The hunt for a Christian friend begins now
John Lewis has released its advertisement for 2016. This means people in the UK (and maybe elsewhere) can now start feeling the Christmas spirit. The idea of a Christmas adverts serves the same purpose as in India. Marketing your products while building up the anticipation of the celebration. With Diwali and its myriad of advertisements out of the way, we bring you a collection of the best Christmas advertisements. After all, a festival is a festival, right?
Carol of the advertisements
John Lewis, 2011
An impatient child sets the pace for Christmas in this advertisement. Throughout the commercial, we feel the restlessness of the child and assume that he cannot wait for his Christmas gifts. But when the day comes, audiences realize that the impatience was for the gift he had bought for his parents. After all, John Lewis has the gifts you can’t wait to give.
John Lewis, 2012
A year before Frozen released, John Lewis gave us a more romantic Olaf with a better half. Set to the tunes of ‘The Power of Love’ by Frankie Goes to Hollywood, the advertisement traces the journey of a snowman who can’t bear to see the bare twigs, er, hands of his lady love. Climbing mountains and crossing crowded streets, the Snowman finds the perfect pair of scarves and gloves for her. Just like the snowman, you can bank upon John Lewis to give a little more love this Christmas.
Our Verdict (for both)-Will make grumpy cat smile
Celebrating 100 years of Christmas Day football match during the WWI, Sainsbury partnered with Royal British Legion for this ad. Even amidst the hostilities of WWI, soldiers from both sides had upheld the Christmas spirit and engaged in a friendly football match on No man’s land. Sainsbury keeps the emotions of that day alive, just with a minor addition of chocolate. The promotion was done to donate the profits from the chocolate bar to a veteran’s charity.
Ever popular Mog, The Cat, the fictional feline by Judith Kerr is the star of the 2015 Sansbury ad. Christmas takes a different turn in Mog’s house after a series of disasters upsets the family’s plans. While the whole family is brooding over the spoilt house, their neighbors, in true Christian spirit help the family celebrate Christmas. Given that Christmas is for sharing, the neighbors help Mog’s family clean up and taste the revelries with everyone else.
Our Verdict (for both)-Tears and laughter galore
Lidl Christmas, 2015
Lidl took the preparation involved for Christmas and turned it into a commercial, without really advertising itself. The Lidl #SchoolofChristmas is the educational institution you wish would actually crop up before Christmas. From untangling fairy lights to cooking the perfect dishes, this school teaches everything. All hail the I-wish-it-was-real Lidl School.
Verdict-Martha Stewart would be proud
UNICEF takes the audience back to the time when Christ was born and shows the Three Magi trying to decide on the gifts for baby Christ. Keeping the setting almost similar to the Passion of Christ, the advertisement combines UNICEF’s message with the Christmas spirit. The commercial shows that incense sticks, gold, and myrrh are not what a child needs. Rather the investment needs to be made in vaccines and medicines.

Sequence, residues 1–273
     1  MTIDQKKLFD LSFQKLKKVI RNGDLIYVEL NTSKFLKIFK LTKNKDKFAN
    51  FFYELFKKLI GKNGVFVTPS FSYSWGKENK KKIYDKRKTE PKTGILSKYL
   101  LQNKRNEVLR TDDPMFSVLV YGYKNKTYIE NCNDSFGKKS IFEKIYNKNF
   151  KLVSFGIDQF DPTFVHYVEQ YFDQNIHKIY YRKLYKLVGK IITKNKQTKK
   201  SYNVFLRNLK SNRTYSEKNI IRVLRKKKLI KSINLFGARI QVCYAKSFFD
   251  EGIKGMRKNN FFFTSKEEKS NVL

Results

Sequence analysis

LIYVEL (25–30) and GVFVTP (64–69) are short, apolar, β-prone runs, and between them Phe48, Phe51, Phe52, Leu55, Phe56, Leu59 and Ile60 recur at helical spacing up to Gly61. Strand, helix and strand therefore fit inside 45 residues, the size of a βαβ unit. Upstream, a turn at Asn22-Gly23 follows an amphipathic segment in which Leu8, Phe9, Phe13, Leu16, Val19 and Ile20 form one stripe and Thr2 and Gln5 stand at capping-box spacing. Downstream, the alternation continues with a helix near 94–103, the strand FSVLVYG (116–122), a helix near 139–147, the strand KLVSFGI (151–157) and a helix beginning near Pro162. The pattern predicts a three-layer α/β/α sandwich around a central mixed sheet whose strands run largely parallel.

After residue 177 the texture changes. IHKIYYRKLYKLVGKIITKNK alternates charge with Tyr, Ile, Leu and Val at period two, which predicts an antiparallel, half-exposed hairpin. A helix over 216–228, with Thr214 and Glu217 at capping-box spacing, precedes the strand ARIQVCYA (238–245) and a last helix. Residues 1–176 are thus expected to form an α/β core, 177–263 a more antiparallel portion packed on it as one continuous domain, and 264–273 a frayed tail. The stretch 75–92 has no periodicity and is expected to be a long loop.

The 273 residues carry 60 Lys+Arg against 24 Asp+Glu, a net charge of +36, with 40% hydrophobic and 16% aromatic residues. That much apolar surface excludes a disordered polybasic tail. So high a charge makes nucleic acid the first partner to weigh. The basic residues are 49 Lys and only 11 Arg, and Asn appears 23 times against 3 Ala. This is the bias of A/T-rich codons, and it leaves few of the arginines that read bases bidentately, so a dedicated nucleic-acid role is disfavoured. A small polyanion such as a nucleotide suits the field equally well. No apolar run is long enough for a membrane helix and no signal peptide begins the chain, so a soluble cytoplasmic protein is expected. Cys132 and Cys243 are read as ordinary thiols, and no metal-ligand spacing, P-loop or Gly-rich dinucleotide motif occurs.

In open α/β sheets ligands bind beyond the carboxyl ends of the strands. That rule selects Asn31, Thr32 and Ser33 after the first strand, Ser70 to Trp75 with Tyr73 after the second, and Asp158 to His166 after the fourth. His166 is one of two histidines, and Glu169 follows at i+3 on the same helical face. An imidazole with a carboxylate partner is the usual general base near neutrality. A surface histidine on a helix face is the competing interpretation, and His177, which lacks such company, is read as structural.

Sequel to the Magis’ gifts commercial is the one with Mary, Jesus’s mother. She comes to the market to return the myrrh gifted to her baby Jesus. The theme of the commercial is the same; gift something that is required by a child to survive.
Will you hear what we have to say
The reason that Christmas advertisements are popular is because there is no overt consumerism involved. Advertisers focus on the feeling of joviality and humanity that is a part of Christmas. They ensure that the commercials start with the aura of Christmas and only bring in the product at the end. Inspiration drives people to watch the advertisement. The emotional connection resonates well with the people who are looking to do something good.
Advertisements by John Lewis resonates well with the people for they reflect pieces of everyday life. The elemental combination of love and life makes the anticipation for the supermarket’s ads almost similar to a Marvel movie.
Christmas is for everyone
Sainsbury made a bold attempt with the WWI ad for it had to get the location and other facts correct. Instilling feelings of patriotism with Christmas gave people a peek into what Christmas feels like for those away from home.
Featuring Mog the cat was an attempt showing the friendly and neighborly spirit that is amongst all of us. Love Thy Neighbour takes a poignant meaning with this ad, albeit in a humorous way.
The ad by Lidl plays into people’s fantasies and that is what makes the commercial so popular amongst the audiences. Creating an experience for the audiences, it actually showcases the efforts people put in to make their Christmas special.
UNICEF brings in people’s attention to the fact that not everyone is privileged enough to celebrate Christmas. In fact , there are children who will face death or a deathly disease even before being able to dream about Santa. The social message does well to promote the fact that children need more than just love to survive.
With a combination of tissues and tears of joy, these advertisements hype up the days to Christmas. And when the day comes it is all about family and merry making. So, time to find a Christian friend maybe?